Darren Turley, executive director of the Texas Association of Dairymen, characterized the human infection — a worker who developed pink eye — as a “one-off incident” involving an inexperienced temporary worker who may have gotten milk on his hand and then wiped his eye . .

“After that, we started offering face shields,” Turley said. “But the most important thing was to ensure that if you bring in an employee who is not used to working in areas with sick animals, he or she receives the appropriate training beforehand.”

While educating workers could minimize future transmission, there is no certainty as to how this happened in the first place. CDC and Texas officials are still can’t say whether the farm worker contracted the bird flu virus directly from a cow “because there are no specimens from cows or environmental factors samples were available …and epidemiological research could not be conducted on the farm.” They were also unable to collect samples from the workers and his roommates.

“It’s a combination where the local farms, as well as agriculture officials, have largely stymied public health efforts to get into those farms to conduct testing on individuals who work there,” Osterholm said.

That may be starting to change. Todd Davis, acting chief of the CDC’s Influenza Division’s Virology, Surveillance and Diagnostics Division, said at a World Health Organization event this week that the CDC is working with state and local health departments to initiate serology surveys testing the blood of farmworkers on evidence of past birds. flu infection.

Prioritizing masks and goggles for workers on farms with previously confirmed cow infections is a relatively modest step in understanding the scope of the outbreak, infectious disease experts said.

“That’s not enough,” Shira Doron, chief of infection control at Tufts Medicine and the hospital epidemiologist at Tufts Medical Center, said of the CDC’s recommendation to use personal protective equipment on farms with known H5N1 outbreaks. “It should be everything [dairy farms],” she said. “Once [cows] If they are ill, they will probably no longer be contagious within a few days, at which point they will be of least concern.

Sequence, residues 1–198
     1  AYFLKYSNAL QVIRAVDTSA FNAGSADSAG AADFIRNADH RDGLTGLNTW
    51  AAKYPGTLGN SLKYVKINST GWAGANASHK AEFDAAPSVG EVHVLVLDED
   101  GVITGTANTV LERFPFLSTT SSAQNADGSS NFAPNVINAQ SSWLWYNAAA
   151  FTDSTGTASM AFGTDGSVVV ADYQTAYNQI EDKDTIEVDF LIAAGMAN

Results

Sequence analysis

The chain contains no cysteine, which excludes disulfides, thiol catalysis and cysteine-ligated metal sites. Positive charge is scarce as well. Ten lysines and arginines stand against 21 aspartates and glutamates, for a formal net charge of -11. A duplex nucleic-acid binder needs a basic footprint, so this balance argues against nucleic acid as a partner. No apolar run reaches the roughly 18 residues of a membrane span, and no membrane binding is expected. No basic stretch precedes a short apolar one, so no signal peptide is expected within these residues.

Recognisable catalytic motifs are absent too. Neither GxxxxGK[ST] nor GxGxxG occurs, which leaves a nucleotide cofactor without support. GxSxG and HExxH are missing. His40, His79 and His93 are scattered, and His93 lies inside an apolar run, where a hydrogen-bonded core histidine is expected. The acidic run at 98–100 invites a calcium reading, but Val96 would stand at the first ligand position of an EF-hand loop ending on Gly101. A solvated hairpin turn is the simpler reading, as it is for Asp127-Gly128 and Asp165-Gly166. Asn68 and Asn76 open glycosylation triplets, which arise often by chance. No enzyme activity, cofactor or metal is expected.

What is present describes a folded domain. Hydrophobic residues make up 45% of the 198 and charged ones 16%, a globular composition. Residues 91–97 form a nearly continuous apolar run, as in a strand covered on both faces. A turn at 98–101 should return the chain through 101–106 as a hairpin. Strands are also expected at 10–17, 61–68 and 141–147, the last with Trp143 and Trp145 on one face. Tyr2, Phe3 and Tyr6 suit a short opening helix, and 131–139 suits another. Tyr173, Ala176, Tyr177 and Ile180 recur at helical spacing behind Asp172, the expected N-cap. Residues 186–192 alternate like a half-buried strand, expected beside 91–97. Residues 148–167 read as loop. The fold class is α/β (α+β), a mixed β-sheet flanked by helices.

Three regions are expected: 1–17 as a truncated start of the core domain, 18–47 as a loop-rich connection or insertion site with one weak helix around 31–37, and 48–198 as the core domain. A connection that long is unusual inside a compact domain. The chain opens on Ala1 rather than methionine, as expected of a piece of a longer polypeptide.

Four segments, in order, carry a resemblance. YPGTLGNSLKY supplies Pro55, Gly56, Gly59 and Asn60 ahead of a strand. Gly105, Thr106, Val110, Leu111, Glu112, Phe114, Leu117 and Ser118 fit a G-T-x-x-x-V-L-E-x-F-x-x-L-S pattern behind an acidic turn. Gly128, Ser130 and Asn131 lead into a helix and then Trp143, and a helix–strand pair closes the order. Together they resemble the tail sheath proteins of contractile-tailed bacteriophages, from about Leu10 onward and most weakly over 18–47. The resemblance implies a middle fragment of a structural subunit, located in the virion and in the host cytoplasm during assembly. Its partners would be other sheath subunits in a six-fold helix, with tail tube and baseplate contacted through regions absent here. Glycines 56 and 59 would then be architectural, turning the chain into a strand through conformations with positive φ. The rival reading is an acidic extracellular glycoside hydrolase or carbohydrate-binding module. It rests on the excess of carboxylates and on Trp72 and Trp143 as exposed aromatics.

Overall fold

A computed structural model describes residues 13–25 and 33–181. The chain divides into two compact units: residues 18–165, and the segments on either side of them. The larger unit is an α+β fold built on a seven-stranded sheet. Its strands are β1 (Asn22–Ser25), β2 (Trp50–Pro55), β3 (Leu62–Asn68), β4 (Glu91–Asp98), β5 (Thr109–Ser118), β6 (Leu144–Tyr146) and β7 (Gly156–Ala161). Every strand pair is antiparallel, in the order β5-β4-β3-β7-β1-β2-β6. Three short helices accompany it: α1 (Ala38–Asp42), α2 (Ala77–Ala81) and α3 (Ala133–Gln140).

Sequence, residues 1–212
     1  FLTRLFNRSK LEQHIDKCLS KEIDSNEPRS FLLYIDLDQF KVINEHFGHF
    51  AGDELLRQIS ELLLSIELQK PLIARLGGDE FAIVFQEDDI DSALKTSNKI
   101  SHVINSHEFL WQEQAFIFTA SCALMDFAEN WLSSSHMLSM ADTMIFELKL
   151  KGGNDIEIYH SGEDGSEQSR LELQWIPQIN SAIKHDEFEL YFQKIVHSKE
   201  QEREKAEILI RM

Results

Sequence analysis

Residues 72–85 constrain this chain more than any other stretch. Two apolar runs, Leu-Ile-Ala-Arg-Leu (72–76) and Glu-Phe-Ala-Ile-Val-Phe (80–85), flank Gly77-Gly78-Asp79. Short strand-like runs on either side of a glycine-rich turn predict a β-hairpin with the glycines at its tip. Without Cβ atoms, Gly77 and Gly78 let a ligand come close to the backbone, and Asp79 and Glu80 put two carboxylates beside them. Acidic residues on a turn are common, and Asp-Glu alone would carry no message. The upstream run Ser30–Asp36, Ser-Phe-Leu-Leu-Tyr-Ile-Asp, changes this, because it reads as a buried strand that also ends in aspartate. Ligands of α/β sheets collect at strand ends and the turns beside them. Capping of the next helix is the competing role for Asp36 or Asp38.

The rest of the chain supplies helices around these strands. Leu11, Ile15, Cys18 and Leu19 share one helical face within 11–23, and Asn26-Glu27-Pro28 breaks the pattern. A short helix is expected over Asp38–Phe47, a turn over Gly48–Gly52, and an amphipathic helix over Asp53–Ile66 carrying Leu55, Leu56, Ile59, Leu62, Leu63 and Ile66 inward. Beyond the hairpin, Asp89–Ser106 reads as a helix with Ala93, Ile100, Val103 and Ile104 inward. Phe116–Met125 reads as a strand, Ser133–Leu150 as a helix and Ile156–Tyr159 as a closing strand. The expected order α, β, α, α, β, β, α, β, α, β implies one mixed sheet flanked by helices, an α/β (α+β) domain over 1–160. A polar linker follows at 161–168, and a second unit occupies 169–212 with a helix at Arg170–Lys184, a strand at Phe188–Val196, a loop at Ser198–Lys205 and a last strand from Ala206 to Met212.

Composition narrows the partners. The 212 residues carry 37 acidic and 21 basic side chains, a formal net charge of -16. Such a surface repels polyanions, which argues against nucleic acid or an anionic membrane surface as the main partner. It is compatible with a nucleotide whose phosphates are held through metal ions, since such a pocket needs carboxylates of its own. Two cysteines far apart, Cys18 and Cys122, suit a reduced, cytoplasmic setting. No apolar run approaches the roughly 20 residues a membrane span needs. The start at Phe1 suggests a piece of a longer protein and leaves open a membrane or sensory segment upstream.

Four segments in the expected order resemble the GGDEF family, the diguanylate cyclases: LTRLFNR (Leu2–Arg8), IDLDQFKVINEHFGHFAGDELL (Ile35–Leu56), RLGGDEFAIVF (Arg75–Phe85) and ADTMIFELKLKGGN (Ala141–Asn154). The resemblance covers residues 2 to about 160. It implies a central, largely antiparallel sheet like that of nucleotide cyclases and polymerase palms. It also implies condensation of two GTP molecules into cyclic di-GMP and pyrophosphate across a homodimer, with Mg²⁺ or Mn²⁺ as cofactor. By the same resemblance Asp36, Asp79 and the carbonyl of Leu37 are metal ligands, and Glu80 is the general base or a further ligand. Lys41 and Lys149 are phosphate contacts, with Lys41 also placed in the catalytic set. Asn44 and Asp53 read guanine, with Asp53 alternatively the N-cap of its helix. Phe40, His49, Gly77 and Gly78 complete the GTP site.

But the barrier for health officials is WHO would set off a push to largely mask and protect dairy farms, let alone potentially require safety measures. State and federal health agencies do not have that authority. Multiple state health departments told STAT that their staff have not set foot on farms with confirmed cases, citing “privacy and biosecurity reasons.”

The bureaucratic ties for human health agencies were clearly visible Monday in CDC Deputy Director Nirav Shah’s statement on the agency’s new recommendations. He asked state health officials to “work with their counterparts in the state Agriculture Department to identify farmworker organizations that can help coordinate and facilitate the distribution of PPE.” The recommendation ultimately lets the agricultural sector take the lead on protective measures – or bypass them.

“In an ideal world we would have a lot of oversight,” Doron says. “But in the real world we have farmers who may be operating on very narrow margins, who may already be in financial trouble, and have no structure to compensate them for doing the right thing, when the right thing could actually lead to a significant damage. financial impact.”

Megan Molteni and Helen Branswell contributed to this report.